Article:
The trail from Hemlock Crossing up to Twin Island Lakes is what you might call seldom used. I do not think this river sees much human action, even in the summer. It is no wonder I saw no other person for four days. The trail is much overgrown, it is very difficult to follow, and in some places completely gone. It gets worse and worse the further you go. There are rock cairns in the rocky granite areas, and I was concentrating like mad to follow the trail. Where is the next cairn? I see nothing! Nothing I tell you! I was going slow, and got off trail more than once. At one such place, I got off the trail and ended up in a brushy section. This cannot possibly be correct, I thought. At this point, I heard a big animal in the bushes up ahead. There is only one animal that could make that much noise: A bear. Sure enough, it was a big brown bear. He took a good look at me. Then he continued up the hill through the brush. (Making much more noise). Awesome possum. If I had not gotten off trail, I would not have seen him at all. When I came back to the spot I had gotten off trail, it seemed so obvious which way the trail went. How could I have possibly missed this turn in the trail? I think perhaps God made me miss it so I could see the bear. Well, that is what I think anyway. However, the bear was pretty darn close to my intended camping area. That is probably not a good thing, actually.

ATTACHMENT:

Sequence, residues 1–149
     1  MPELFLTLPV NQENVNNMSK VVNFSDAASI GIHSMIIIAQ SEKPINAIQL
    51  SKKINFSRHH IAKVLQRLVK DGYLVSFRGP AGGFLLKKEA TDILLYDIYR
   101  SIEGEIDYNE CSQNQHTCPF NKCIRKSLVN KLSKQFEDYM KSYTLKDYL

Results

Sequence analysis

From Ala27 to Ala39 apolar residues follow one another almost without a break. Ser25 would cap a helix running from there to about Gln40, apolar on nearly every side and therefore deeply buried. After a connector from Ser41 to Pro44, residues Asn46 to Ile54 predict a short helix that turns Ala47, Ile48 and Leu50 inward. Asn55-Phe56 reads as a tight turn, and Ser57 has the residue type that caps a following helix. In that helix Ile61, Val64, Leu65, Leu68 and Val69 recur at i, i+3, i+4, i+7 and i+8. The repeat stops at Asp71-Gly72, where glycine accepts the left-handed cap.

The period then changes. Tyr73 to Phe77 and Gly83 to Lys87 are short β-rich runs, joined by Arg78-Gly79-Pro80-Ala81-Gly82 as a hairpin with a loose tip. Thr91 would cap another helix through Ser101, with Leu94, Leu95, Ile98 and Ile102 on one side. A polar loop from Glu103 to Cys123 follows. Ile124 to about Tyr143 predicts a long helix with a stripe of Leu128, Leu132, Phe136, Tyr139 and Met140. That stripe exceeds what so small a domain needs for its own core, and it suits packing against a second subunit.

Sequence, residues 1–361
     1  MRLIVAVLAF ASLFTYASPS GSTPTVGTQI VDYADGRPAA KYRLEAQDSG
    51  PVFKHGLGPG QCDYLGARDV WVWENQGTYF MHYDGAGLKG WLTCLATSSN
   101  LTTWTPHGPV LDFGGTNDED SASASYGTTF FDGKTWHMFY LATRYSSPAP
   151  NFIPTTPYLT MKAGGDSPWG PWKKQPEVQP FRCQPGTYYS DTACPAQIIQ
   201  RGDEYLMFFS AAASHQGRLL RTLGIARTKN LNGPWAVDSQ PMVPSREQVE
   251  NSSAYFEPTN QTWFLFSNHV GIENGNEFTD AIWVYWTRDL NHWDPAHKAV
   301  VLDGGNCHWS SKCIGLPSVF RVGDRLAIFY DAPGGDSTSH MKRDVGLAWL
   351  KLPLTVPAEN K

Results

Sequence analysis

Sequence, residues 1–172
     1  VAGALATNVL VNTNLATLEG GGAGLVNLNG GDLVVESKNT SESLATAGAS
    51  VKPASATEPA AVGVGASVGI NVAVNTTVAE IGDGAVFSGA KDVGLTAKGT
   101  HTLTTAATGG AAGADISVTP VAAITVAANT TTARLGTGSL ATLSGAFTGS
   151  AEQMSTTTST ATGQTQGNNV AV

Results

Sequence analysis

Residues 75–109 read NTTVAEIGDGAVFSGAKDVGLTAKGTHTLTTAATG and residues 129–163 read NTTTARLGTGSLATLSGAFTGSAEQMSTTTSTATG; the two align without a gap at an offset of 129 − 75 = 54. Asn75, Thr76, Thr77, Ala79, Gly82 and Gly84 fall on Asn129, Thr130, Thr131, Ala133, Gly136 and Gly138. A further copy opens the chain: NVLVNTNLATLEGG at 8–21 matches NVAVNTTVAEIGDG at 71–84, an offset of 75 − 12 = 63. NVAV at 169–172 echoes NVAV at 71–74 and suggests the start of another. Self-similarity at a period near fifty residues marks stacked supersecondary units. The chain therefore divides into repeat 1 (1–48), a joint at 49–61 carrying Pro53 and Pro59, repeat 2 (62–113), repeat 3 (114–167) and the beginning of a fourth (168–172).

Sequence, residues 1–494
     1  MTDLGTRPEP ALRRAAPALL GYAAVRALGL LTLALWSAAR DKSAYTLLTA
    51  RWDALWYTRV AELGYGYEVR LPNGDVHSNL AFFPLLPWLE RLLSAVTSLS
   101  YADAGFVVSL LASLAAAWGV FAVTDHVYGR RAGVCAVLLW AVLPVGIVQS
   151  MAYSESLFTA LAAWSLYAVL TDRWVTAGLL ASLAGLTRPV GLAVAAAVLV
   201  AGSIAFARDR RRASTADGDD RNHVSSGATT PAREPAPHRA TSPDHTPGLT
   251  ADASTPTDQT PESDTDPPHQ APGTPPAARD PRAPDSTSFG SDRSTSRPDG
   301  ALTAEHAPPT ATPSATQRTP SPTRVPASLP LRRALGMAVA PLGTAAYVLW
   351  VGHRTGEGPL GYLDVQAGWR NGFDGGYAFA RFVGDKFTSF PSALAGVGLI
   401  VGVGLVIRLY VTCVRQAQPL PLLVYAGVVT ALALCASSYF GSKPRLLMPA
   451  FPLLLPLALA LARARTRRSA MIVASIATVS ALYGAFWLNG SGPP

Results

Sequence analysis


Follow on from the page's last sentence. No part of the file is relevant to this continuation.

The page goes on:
I setup camp, had lunch, then took a much needed nap. I still wanted to do another evening hike again. To do this one, I would have to cross the North Fork San Joaquin River. I made the crossing at my campsite fairly easily. I had been quite concerned I would not be able to make the crossing, even this late in the season. I did not bring my proper water shoes. I already had too much pack weight, so I had to cross in my no traction water socks. Well, it was not too hard. I climbed up into Bench Canyon to where I would find a 400 foot high waterfall. Unfortunately, Bench Canyon was the one creek that had much less water flowing than I had hoped. This particular falls would be spectacular when flowing strong, but now it was just a bit disappointing. The falls of despair. Still though, it is 400 ft. high and quite an amazing area. It was a difficult 900 ft. climb up to the falls. I suppose I should not have done that considering how tired I was. But it is a 400 ft. high waterfall! I had to do it. I came back down to the river at a different crossing point. Umm, this crossing looks much harder than the one at the campsite. The water is quite a bit more deep and swift here. All I have are these stupid water socks. But I had to cross back to the other side! It would have been too hard to go back up to where I had crossed initially. I had to do it here and now. No choice. So I very carefully made the crossing, making sure each step was firmly planted. I made it across without any trouble.